After all, I Claudius showed all too clearly what happened during the reign of Caligula to those who opposed the mad emperor’s whims – they were executed. Claudius keeps quiet until it’s his turn in the limelight and then he uses his influence to change things for the better. What seems like moral cowardice may simply be a bit of common sense or seeing the bigger picture. After all, does the world really need more martyrs? If anything I think it needs rather less. And as Bertrand Russell once remarked when asked if he would be willing to die for his principles: ‘Certainly not, for I might be wrong!’

In other words, I think there’s a bit of the vicar of Bray in most of us – perhaps more than we’d like to admit.  It’s not that we won’t rock the boat, it’s that we know we must pick our battles wisely. That perhaps is the lesson he has still to teach us.  And there’s nothing wrong with wanting to hang on to your little bit of paradise, providing it’s not at the cost of your soul.

 

The Vicar of Bray

In good King Charles’ golden days when loyalty no harm meant
A zealous High Churchman (1) was I and so I gained preferment (2)
To teach my flock, I never missed, kings are by God appointed (3) 
And damned be those who dare resist or touch the Lord’s annointed.
And this is the law, that I’ll maintain until my dying day, sir
That whatsoever king may reign, I’ll be the Vicar of Bray, sir
When royal James possessed the crown and popery (4) came in fashion
The penal laws I hooted down, and read the Declaration (5)
The Church of Rome, I found, did fit full well my constitution
And I had been a Jesuit (6) but for the Revolution(7) 
And this is the law etc
When William was our King declared, to ease the nation’s grievance,
With this new wind about I steered and swore to him allegiance.
Old principles I did revoke, set conscience at a distance
Passive obedience (8) was a joke, a jest was non-resistance (9)
And this is the law etc
When Royal Anne became our queen, the Church of England’s glory
Another face of things was seen and I became a Tory (10)
Occasional conformists (11) base, I blamed their moderation
And thought the Church in danger was from such prevarication
And this is the law etc
When George in pudding time (12) came o’er and moderate men looked big, sir
My principles I changed once more and I became a Whig (13) sir
And thus preferment I procured from our new faith’s defender
And almost every day abjured the Pope and the Pretender (14)
And this is the law etc
The illustrious house of Hanover and Protestant succession,
To these I do allegiance swear – while they can hold possession
For in my faith and loyalty I never more will falter
And George my lawful king shall be – until the times do alter 
And this is the law etc
Notes
1. High Churchman – those within the Church of England who embraced the Roman Catholic elements of the faith such as elaborate ceremony and the sacraments. They held high office during the reigns of James I (1603-1625) and Charles I (1625-1649) while their Puritan colleagues held low office.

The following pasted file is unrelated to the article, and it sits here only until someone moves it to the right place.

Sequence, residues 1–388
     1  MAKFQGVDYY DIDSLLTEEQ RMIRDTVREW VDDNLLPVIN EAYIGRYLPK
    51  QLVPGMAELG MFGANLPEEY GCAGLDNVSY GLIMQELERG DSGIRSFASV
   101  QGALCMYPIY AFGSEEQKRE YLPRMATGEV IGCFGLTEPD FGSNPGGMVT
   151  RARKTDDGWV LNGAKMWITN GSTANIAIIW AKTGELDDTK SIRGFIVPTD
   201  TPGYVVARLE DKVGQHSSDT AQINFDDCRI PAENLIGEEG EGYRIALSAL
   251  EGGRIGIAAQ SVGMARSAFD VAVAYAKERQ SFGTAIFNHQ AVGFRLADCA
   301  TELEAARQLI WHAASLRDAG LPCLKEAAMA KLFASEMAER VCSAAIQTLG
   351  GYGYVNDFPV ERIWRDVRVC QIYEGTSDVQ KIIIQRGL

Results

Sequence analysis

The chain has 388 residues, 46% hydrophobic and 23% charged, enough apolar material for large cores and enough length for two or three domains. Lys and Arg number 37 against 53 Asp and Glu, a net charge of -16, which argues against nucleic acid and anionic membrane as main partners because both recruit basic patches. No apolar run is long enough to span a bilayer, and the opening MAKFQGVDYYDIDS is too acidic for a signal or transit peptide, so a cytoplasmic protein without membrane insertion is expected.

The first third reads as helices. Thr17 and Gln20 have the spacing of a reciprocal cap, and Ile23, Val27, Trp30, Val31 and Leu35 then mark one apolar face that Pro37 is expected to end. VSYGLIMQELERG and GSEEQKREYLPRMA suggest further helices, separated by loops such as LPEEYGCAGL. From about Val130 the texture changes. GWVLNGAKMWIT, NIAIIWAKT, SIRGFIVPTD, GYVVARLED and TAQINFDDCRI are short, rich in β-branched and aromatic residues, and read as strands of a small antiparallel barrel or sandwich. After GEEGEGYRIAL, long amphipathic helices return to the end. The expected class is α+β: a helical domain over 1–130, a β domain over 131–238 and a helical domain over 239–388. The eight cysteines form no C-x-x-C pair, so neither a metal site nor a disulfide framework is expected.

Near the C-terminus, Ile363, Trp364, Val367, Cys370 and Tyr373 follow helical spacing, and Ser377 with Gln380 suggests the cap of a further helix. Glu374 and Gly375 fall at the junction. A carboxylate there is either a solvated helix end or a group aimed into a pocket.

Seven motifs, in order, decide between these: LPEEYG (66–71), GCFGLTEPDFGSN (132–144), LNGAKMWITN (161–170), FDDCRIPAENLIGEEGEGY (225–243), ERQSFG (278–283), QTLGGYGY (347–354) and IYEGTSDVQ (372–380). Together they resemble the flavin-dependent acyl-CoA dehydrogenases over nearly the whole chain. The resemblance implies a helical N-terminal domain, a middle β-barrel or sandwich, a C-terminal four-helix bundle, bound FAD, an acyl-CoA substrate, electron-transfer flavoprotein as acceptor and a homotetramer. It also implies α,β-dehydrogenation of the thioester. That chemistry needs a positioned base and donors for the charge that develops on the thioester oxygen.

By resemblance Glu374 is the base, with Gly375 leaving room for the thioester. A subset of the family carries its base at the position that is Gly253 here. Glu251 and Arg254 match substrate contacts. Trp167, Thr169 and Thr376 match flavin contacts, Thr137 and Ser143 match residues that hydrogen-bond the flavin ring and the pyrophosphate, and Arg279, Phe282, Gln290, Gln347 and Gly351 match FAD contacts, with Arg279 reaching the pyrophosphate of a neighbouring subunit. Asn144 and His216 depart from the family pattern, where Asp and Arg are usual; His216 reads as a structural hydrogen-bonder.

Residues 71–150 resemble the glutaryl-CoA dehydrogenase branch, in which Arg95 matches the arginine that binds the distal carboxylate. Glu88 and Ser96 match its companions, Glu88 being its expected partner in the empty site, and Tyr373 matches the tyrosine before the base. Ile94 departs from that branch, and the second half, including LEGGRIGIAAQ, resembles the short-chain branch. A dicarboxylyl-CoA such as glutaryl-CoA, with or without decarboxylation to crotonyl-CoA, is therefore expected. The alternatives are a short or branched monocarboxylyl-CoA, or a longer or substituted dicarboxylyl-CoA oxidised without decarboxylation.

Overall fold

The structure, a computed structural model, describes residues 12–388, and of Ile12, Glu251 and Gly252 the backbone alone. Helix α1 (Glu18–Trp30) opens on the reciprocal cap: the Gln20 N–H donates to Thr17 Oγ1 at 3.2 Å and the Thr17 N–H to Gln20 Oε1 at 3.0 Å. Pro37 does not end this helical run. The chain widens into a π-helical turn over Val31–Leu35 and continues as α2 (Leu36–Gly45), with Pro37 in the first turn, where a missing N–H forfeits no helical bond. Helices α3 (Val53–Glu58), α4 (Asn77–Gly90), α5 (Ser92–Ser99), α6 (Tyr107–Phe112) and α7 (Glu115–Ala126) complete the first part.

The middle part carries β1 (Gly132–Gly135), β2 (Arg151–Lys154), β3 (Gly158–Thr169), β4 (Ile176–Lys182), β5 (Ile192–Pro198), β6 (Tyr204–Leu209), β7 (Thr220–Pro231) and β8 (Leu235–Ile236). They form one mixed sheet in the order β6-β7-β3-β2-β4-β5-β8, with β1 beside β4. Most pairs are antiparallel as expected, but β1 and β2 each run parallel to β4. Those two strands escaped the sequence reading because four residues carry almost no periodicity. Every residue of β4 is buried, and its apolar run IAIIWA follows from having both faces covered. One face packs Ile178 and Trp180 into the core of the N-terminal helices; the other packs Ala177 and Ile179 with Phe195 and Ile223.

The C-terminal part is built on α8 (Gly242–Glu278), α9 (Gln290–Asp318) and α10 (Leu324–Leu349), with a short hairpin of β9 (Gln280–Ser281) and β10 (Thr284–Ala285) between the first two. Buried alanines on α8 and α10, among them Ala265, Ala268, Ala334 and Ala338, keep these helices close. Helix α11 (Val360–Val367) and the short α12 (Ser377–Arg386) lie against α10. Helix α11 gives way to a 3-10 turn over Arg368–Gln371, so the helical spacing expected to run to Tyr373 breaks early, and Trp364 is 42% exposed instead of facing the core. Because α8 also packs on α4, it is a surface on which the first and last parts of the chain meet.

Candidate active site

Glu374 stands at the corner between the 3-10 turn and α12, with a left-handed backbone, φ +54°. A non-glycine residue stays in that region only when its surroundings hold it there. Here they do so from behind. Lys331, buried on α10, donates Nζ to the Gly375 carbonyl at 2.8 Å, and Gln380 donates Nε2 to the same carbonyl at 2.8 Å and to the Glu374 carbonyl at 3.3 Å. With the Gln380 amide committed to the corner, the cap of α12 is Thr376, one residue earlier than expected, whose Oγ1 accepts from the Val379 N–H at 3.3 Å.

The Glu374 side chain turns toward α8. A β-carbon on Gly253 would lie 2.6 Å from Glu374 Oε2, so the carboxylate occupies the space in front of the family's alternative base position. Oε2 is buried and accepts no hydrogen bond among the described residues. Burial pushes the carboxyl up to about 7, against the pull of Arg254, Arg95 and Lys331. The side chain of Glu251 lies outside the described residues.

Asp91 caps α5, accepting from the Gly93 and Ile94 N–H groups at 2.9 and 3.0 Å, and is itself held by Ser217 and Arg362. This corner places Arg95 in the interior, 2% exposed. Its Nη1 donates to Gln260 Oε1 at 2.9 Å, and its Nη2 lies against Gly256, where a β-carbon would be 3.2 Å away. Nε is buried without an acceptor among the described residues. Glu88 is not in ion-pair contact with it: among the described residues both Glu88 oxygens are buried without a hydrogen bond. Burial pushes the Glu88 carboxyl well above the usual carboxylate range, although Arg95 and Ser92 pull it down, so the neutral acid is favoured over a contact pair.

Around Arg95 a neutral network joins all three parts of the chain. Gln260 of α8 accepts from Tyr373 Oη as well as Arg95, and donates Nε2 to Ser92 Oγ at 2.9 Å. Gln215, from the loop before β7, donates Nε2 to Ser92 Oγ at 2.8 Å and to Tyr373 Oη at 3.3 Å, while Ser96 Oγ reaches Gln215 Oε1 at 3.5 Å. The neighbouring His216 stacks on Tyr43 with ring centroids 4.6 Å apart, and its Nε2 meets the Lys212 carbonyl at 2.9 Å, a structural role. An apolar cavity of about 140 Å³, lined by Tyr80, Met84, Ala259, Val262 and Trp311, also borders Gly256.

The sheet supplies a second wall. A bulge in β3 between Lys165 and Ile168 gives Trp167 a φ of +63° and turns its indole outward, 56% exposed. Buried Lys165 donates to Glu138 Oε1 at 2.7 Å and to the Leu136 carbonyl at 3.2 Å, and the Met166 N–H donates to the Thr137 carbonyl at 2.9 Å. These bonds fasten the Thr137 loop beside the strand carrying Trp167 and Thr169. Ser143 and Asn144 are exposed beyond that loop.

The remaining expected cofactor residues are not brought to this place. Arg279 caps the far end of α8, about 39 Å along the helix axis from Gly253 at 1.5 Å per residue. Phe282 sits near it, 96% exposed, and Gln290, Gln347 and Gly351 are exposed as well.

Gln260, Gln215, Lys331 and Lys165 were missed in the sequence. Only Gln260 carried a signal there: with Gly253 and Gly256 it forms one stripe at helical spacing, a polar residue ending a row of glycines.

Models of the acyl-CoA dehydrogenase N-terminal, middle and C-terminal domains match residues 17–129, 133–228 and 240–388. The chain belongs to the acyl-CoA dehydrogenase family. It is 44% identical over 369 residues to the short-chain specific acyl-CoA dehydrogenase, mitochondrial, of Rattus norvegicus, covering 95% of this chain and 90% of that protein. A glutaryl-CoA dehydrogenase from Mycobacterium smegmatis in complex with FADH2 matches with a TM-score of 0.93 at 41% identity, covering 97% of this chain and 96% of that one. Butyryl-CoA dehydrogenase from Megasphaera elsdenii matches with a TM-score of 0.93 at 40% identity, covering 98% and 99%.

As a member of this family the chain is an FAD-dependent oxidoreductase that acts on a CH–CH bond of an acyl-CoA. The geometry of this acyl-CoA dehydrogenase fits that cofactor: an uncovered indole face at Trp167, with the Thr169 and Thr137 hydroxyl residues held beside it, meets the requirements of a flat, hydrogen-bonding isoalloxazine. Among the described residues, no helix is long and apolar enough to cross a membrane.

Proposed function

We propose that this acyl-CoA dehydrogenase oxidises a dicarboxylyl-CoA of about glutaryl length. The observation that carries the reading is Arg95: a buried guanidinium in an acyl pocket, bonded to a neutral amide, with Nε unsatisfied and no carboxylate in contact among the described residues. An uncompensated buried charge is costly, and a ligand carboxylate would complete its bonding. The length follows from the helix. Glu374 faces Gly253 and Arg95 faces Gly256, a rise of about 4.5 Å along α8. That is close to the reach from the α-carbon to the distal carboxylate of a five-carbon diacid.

2.  Preferment – career advancement
3. By God appointed – i.e. the Divine Right of Kings, a philosophy which held that kings’ authority stemmed from their having been chosen by God
4. Popery – pejorative term for Roman Catholicism a faith practised by James II and which flourished during his reign (1685-1688) much to the chagrin of his Protestant subjects which eventually saw his overthrow (see below)
5. Penal laws…Declaration – Following the Restoration of Charles II in 1660, a series of laws were passed to enforce religious conformity including the Test Act of 1673. These stipulated that all holders of government office had to take the Sacrament of the Holy Communion according to the Anglican Church, the intention being to exclude Catholics and Non-Conformist Protestants from holding office. To combat this, James II issued his Declaration of Indulgence in 1687 to suspend these penal laws in a bid to tip the balance once more in favour of Roman Catholicism. 6. Jesuit – society founded by Ignatius Loyola within the Roman Catholic Church known for its devotion to the Pope
7. Revolution – the Glorious Revolution (1688-1689) which saw the overthrow of James II and the accession of William III and Mary II as the head of a new Protestant regime
8. Passive obedience – a philosophy stating subjects should refuse to obey a monarch’s will if it was held to be against the will of God, but show their obedience by submitting to any punishment which resulted from this.
9. Non-resistance – sometimes given as ‘a pish (piss) on non-resistance’ – this is the philosophy that subjects should never disobey the will of their monarch, which is an essential component of the notion of the Divine Right of Kings
10. Tory – The dominant faction for most of the reign of Queen Anne (1702-1714) and forerunner of the modern-day Conservative party (although nowadays the terms are used interchangeably). During Anne’s time, the Tories were supporters of the Church of England and wished to increase its power in the face of opposition from Non-Conformists
11. Occasional Conformists – Non-Conformists attempted to circumvent the penal laws by taking Anglican Communion a minimal number of times required by law and then attending Non-Conformist services the rest of the time. The Minimal Conformist (1711) Act attempted to end this type of evasion
12. Pudding time – a time when puddings were to be had, or more literally, a time of prosperity or rejoicing
13. Whig – the rival faction to the Tories dominant for much of the Georgian era
14. Abjured the Pope and the Pretender – holders of Government office were required to swear the Oath of Abjuration repudiating the rights of the Stuart pretenders James II and his descendants James Edward Stuart (the Old Pretender) and Charles Edward Stuart (the Young Pretender) to the throne. It was enforced during the reigns of William III (1688-1702), George I(1714-1727) and George III 1760-1830).